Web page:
Borderline personality disorder was once classified as a subset of schizophrenia (describing patients with borderline schizophrenic tendencies). Today BPD is considered a relatively stable personality disorder and is used more generally to describe non-psychotic individuals who display emotional dysregulation, splitting and an unstable self-image. Individuals with BPD are at high risk of developing other psychological disorders such as anxiety and depression. Other symptoms of BPD, such as dissociation, are frequently linked to severely traumatic childhood experiences, which some put forth as one of the many root causes of the borderline personality. BPD has many similar characteristics to emotionally unstable personality disorder, subtype borderline and complex post-traumatic stress disorder.

Frequently Asked Questions about Borderline Personality Disorder

How is a Borderline Personality Disorder diagnosed?
A person with Borderline Personality Disorder usually has wide-ranging problems with social relationships and significant mood dysregulation. People suffering from borderline personality disorder (and their families) often feel their hardships are compounded by a lack of clear diagnoses, effective treatments, and accurate information. Personality disorders are very difficult to correctly diagnose, and are often misdiagnosed because they are not sharply defined and lack a clear set of diagnostic criteria. Furthermore, the diagnostic categories are not mutually exclusive. Often, people will show characteristics of more than one personality disorder. Finally, the dimensionality of personality characteristics (i.e., ranging from normal expressions of an emotion to pathological exaggerations) make diagnosis difficult, as the same emotional issues can be found on a smaller and less intense scale in many normal individuals. Therefore, Borderline Personality Disorder should be diagnosed by a mental health professional with expertise in Axis II (personality) disorders.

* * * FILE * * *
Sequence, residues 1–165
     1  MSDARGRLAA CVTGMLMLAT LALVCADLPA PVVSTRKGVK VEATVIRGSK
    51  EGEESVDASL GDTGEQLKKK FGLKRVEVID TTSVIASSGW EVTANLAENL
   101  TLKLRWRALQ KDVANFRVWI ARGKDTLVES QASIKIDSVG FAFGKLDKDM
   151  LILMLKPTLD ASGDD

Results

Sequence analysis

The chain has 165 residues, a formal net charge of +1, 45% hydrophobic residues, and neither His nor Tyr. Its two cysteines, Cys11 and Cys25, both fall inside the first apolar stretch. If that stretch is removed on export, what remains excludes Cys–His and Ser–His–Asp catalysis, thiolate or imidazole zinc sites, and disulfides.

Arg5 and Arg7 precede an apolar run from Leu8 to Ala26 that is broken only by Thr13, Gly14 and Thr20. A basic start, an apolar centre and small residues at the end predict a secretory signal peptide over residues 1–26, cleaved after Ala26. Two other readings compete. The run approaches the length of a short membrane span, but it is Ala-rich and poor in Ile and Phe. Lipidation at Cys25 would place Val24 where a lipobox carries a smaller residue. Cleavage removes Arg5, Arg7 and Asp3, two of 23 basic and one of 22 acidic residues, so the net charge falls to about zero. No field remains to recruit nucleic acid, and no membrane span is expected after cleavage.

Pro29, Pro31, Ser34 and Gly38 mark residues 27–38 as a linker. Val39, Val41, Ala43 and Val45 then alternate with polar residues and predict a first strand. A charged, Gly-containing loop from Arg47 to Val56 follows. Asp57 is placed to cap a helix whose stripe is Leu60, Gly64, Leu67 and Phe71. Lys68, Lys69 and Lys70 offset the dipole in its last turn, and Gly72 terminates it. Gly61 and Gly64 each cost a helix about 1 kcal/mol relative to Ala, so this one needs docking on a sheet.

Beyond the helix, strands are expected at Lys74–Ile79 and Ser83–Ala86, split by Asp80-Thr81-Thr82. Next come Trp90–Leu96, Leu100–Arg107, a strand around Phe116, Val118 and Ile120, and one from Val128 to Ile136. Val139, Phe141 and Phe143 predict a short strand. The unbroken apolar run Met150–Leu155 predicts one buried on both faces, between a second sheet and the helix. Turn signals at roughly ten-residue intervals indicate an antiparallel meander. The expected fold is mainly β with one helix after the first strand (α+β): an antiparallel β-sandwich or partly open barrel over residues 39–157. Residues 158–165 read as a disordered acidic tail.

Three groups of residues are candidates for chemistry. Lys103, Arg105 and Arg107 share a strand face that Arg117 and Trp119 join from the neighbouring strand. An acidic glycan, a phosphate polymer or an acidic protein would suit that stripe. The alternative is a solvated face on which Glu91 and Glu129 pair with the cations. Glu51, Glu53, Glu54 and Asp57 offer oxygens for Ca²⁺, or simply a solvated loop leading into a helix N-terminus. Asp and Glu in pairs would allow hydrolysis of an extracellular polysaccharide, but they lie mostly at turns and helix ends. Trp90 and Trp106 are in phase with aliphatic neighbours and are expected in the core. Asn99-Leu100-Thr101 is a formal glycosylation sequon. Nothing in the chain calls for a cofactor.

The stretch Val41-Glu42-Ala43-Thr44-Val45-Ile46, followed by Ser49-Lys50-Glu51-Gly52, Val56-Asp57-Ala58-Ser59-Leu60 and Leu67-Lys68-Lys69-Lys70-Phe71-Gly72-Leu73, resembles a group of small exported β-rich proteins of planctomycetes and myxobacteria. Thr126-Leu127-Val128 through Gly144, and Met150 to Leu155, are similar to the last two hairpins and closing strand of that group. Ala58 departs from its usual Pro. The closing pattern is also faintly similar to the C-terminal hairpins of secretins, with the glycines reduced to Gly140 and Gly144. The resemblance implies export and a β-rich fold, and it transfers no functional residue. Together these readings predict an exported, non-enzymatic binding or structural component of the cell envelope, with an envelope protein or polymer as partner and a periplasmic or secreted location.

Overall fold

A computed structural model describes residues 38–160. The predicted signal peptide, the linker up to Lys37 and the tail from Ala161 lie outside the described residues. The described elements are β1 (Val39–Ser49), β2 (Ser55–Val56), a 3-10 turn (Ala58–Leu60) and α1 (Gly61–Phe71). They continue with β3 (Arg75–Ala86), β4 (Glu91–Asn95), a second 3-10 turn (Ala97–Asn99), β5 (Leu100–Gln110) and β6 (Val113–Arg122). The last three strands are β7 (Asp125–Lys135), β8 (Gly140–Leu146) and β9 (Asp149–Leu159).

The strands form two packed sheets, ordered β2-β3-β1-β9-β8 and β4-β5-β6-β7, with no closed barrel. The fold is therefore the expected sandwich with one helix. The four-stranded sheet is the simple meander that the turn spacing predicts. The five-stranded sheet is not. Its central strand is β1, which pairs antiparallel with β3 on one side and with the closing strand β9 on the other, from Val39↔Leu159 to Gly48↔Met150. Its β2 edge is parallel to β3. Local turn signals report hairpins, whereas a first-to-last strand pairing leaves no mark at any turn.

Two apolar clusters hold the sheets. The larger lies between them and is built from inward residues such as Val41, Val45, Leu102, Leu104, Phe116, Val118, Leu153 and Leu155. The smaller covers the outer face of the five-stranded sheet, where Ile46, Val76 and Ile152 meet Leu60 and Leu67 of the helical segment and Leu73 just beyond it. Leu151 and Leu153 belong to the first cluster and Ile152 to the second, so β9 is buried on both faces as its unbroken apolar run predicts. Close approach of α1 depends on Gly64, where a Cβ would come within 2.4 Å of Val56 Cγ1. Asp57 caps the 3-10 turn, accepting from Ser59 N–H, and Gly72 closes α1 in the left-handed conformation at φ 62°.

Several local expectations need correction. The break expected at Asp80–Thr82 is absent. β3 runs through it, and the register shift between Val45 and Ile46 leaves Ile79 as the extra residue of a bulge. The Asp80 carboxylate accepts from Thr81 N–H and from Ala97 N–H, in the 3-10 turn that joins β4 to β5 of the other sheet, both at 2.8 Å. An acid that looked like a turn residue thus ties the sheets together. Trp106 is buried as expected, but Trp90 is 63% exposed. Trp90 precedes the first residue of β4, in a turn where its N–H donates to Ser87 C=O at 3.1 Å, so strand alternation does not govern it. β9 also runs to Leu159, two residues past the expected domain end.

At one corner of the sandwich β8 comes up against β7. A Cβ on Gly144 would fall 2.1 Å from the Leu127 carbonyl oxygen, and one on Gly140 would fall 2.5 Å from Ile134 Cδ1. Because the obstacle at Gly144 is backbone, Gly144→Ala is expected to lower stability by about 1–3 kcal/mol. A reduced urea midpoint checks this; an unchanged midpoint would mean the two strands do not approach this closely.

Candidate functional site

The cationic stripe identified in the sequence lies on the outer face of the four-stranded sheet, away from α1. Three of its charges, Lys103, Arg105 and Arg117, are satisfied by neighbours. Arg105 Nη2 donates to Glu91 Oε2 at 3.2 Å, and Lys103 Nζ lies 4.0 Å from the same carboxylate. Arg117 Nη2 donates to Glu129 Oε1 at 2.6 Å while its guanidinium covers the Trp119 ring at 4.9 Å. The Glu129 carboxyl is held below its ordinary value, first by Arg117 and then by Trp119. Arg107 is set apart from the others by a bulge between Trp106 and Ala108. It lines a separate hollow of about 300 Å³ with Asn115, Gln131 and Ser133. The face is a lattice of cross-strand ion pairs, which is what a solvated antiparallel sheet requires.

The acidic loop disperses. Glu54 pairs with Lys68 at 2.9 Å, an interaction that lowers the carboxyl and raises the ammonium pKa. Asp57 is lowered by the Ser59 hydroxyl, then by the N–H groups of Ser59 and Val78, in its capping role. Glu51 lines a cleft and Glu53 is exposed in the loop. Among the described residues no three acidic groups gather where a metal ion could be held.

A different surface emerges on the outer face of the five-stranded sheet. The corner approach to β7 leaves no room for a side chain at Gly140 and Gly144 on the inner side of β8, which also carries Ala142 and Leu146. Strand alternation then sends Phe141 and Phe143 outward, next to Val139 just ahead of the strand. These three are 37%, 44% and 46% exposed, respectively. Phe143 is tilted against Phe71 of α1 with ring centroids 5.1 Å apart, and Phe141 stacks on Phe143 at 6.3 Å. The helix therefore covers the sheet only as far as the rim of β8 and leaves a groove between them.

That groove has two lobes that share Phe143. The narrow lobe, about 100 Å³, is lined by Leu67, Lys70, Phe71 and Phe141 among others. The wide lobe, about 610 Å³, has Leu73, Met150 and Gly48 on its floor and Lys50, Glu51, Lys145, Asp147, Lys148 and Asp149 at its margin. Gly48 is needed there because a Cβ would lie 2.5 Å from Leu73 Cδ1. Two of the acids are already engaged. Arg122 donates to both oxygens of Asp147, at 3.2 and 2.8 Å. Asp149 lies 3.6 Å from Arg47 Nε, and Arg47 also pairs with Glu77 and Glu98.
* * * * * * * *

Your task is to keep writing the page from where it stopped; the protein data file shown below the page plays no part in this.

What causes Borderline Personality Disorder?
The complexity of personality disorders makes it difficult to firmly establish a genetic predisposition. There are qualities of Borderline Personality Disorder such as hypersensitivity to environmental stimuli or impulsive aggression which may be related to temperament and thus hereditary factors. Recent research indicates there may be disruption in the functioning of the brain’s limbic system, which regulates emotion. Commonly accepted environmental causes of BPD are psychological trauma including physical or sexual abuse, an unstable family life as a child, or severe loss (such as death of parents or siblings). Marsha Linehan, the developer of Dialectical Behavior Therapy (DBT), believes that BPD is caused by an interplay between biological factors and an “emotionally invalidating” childhood environment (where the child’s emotional needs are not met). Exposure to high levels of stress, substance abuse, self-medication, medical problems, and difficulties with family or other interpersonal relationships can all contribute to decreased functioning in someone with BPD or onset of a crisis period.